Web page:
Money Talks News’ recent article entitled “3 Tax Penalties That Can Ding Your Retirement Accounts” says make one wrong move, and Uncle Sam may ask for some explanations. In terms of retirement, Beck & Lenox Estate Planning and Elder Law wants to make sure everyone is aware what penalties hurt retirement accounts. Let’s review the three biggest mistakes people make.
Excess IRA contribution penalty. Contributing too much to an individual retirement account (IRA) can mean a penalty from the IRS. You can do this if you contribute more than the applicable annual contribution limit for your IRA or improperly rolling over money into an IRA. The IRS states, “Excess contributions are taxed at 6% per year as long as the excess amounts remain in the IRA. The tax can’t be more than 6% of the combined value of all your IRAs as of the end of the tax year.”
The IRS lets you remedy your mistake before any penalties will be applied. You must withdraw the excess contributions — and any income earned on those contributions — by the due date of your federal income tax return for that year.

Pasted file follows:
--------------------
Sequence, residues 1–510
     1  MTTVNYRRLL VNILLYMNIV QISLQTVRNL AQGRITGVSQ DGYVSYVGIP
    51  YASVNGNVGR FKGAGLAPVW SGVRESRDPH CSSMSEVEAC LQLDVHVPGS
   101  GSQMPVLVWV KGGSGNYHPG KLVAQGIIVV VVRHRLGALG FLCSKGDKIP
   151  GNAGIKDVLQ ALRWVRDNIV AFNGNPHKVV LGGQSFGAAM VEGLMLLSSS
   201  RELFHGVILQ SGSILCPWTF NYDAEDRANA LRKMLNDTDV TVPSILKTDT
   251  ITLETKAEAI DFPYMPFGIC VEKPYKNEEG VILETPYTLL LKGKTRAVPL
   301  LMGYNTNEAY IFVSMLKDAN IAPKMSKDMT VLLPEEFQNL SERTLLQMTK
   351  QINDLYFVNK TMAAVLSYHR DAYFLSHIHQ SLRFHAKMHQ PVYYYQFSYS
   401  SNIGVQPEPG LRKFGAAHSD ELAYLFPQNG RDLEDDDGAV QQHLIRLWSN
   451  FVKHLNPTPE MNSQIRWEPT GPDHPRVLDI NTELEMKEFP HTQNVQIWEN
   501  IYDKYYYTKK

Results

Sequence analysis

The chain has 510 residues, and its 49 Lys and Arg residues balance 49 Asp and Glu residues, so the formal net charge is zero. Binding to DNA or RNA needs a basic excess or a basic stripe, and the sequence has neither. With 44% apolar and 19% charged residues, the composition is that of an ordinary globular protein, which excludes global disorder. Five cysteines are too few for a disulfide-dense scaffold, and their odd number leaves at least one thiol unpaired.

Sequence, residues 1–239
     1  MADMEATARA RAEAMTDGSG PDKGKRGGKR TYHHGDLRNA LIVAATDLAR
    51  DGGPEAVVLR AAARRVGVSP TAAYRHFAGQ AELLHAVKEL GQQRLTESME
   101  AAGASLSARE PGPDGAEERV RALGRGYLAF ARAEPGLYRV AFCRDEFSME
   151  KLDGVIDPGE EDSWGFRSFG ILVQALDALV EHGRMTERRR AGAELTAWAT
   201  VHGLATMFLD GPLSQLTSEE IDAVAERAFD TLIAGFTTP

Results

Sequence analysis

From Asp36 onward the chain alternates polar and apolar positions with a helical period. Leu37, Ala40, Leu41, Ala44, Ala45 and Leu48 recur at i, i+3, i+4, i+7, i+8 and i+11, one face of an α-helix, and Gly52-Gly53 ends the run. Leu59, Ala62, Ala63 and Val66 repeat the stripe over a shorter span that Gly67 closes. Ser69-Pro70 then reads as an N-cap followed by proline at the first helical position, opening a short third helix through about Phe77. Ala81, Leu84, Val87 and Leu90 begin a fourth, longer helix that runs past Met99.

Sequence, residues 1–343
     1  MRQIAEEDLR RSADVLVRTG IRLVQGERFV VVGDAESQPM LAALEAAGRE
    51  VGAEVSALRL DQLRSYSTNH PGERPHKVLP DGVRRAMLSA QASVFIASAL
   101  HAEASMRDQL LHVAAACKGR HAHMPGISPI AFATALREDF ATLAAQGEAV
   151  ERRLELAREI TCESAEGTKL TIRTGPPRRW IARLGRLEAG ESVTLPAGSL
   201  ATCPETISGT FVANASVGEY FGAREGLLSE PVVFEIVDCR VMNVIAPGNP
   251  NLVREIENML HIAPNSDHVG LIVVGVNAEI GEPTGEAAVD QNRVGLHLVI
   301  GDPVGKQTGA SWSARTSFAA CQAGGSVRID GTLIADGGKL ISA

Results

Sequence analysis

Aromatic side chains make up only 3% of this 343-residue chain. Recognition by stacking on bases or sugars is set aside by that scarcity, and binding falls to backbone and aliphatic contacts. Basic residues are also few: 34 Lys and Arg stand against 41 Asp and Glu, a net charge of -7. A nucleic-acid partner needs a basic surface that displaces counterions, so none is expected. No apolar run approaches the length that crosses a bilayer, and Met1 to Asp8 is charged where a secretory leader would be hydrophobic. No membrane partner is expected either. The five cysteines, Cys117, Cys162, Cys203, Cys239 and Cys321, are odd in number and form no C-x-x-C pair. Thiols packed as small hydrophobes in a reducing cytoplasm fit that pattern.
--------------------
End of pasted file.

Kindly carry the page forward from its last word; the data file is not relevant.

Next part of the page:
Taking money out too soon from a retirement account. If you withdraw funds from your IRA before the age of 59½, you might be subject to paying income taxes on the money, plus an additional 10% penalty. However, there are several exceptions when you’re permitted to take early IRA withdrawals without penalties: if you lose your employment, you’re allowed to tap your IRA early to pay for health insurance premiums.
The same penalties apply to early withdrawals from retirement plans like 401(k)s, but again, there are exceptions to the rule that allow you to make early withdrawals without penalty. The exceptions that let you make early retirement plan withdrawals without penalty may differ from the exceptions that allow you to make early IRA withdrawals without penalty.
Missed RMD penalty. Taxpayers were previously obligated to take required minimum distributions — also known as RMDs — from most types of retirement accounts beginning the year they turn 70½. However, the Secure Act of 2019 bumped up that age to 72.
The consequences of not making these mandatory withdrawals still apply. If you fail to take your RMDs starting the year you turn 72, you face harsh penalties. The IRS says that if you don’t take any distributions, or if the distributions aren’t large enough, you may have to pay a 50% excise tax on the amount not distributed as required. Keep an eye on those important withdrawal time periods, advises Beck & Lenox. Stay aware of what penalties hurt retirement accounts so that you don’t have to pay them!
Reference: Money Talks News (March 1, 2022) “3 Tax Penalties That Can Ding Your Retirement Accounts”